In the afternoon of the same day, I had the opportunity to call my children for a few minutes, when I heard the attack on Baha'i homes was not limited to those few families. In fact, about 25 houses were attacked and ransacked and nine people were arrested and imprisoned i n Hamadan. I also heard about the arrest of about six other Baha'is in Karaj. One of them is the nephew of my husband, Foad Taefi, who has three young and teenage children.
During his childhood, Foad also witnessed his father's imprisonment and later his mother's arrest in Mashhad, and then his father-in-law's arrest and imprisonment in Rajai Shahr Prison in Karaj. Among those who were arrested in Karaj are a young couple who also have two young children. It can be safely said that there is not a single Baha'i family in Iran that does not have a past full of suffering and injuries like these in several successive generations.
After hearing this terrible news, I remembered a time in August 2022, during my interrogation sessions, when I was explained to the interrogator:
“You know the Baha’i group that was responsible for managing the internal affairs of the Baha’is has been closed since 2008, when I was in prison. After my release in 2017, I have been under surveillance every moment, and you know that the accusation of ‘forming an illegal group’ is not true. And now I, like all Baha'is living in Iran, have no administrative responsibility. So what is the reason for repeating this accusation?”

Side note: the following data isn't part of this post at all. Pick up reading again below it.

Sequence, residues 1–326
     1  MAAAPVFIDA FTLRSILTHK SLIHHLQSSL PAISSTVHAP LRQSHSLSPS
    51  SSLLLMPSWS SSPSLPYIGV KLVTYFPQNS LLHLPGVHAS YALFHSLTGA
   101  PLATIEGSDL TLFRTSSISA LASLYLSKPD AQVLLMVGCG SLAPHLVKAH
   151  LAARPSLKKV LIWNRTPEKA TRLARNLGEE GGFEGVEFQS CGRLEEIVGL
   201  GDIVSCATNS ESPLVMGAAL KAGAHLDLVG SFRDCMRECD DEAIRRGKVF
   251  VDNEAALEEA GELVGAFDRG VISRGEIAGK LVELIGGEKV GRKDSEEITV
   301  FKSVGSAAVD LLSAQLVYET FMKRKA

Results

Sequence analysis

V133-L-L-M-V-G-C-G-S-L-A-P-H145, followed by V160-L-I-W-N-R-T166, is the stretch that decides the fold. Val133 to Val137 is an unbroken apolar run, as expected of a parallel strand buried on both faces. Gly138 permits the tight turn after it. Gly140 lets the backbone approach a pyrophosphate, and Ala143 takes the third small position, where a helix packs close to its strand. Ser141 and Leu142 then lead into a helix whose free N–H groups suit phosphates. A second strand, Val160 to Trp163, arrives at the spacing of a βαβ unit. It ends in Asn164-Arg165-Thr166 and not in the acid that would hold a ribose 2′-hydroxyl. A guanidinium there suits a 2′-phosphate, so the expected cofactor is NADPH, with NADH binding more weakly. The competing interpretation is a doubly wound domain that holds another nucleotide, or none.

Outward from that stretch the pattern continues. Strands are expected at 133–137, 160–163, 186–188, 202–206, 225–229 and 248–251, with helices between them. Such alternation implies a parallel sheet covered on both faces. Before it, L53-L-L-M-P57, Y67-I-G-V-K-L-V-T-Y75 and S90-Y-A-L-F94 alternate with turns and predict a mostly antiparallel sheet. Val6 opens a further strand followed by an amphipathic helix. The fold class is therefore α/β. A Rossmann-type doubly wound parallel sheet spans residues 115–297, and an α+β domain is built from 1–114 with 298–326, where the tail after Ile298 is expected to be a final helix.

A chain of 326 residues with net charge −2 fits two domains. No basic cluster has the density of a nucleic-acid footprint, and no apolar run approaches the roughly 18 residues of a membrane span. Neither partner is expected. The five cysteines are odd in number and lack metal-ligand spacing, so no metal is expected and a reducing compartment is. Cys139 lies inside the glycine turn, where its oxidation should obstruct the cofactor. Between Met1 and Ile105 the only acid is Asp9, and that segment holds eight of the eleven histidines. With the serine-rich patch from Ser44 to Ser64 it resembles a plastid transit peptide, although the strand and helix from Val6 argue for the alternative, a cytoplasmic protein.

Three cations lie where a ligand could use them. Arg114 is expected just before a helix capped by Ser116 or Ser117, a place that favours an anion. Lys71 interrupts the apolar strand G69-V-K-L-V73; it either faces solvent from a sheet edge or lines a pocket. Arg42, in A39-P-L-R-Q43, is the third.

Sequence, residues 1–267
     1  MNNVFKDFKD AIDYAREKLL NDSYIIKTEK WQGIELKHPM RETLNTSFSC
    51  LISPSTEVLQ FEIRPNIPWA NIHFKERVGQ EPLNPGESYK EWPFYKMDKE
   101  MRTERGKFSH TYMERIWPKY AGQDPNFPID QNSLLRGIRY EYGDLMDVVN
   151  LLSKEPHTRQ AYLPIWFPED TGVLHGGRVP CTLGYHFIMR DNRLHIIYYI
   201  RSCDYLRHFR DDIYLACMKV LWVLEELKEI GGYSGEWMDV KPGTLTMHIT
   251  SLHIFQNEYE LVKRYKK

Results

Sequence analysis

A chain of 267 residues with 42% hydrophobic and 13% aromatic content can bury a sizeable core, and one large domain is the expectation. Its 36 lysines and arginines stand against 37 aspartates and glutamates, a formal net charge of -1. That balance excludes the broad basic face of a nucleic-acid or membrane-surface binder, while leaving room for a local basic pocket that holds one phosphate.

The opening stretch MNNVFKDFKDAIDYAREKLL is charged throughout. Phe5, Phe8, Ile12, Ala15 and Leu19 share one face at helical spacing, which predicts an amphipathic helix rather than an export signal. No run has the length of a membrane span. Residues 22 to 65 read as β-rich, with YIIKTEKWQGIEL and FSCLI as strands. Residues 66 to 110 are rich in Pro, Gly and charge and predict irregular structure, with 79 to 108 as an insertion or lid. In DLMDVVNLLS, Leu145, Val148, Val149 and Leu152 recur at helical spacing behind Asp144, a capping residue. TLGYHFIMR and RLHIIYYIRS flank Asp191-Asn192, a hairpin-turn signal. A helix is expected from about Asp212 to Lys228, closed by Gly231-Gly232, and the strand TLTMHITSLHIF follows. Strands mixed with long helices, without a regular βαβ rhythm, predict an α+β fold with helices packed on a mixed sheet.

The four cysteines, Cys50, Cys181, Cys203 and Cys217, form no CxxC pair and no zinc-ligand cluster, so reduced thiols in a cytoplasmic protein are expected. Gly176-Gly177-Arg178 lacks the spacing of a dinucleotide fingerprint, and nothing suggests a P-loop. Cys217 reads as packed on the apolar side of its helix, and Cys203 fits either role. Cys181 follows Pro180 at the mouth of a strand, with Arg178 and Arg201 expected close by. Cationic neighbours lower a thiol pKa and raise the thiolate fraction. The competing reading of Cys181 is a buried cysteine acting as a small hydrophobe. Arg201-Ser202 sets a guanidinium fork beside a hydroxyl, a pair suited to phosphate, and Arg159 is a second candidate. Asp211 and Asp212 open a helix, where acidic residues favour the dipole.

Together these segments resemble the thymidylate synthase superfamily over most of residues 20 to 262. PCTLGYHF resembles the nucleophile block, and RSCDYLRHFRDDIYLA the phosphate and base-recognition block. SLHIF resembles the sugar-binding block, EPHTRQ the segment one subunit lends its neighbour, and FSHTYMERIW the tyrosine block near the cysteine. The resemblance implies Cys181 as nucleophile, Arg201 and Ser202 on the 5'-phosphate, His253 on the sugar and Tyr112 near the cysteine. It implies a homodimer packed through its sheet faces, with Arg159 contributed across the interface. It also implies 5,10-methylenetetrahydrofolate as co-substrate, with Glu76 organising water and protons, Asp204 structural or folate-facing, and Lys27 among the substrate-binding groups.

The investigator replied:
“Yes, we know that you didn’t have any responsibility during this time, but in our opinion, all Baha'is who have remained in Iran and have not left Iran ought to be arrest ed and imprisoned. If we could, we would imprison all of them."
At that moment, I thought this answer was the only justification for my illegal arrest; but now, by attacking the houses of some elderly women, I am sure that, on that day day, he was talking about an objective and real strategy of the government regarding the Baha'i community in Iran. 
"All the Baha'is who have stayed in Iran and have not left Iran deserve to be arrested and imprisoned”.
I am writing these lines, with a sad heart, to my dear grandchildren Nava and Diba, one of whose grandmothers is spending her twelfth year of imprisonment in Evin Prison, under such unfortunate conditions, while the other grandmother is 82 years old and, after enduring prison with her husband and away from three young children 36 years ago, is now deprived of even the basic right to live safely in her home.
And for dear Sina, Faran and Fares Taefi, who have seen and heard the imprisonment of their father, two grandfathers, and their uncle. And for all the children of Iran and the justice-loving people of my beloved land, who have lost their loved ones and young people due to cruelty. Because "our story is one.“ Maybe hearing these painful but true stories will make us try harder, so that justice replaces injustice and light replaces darkness.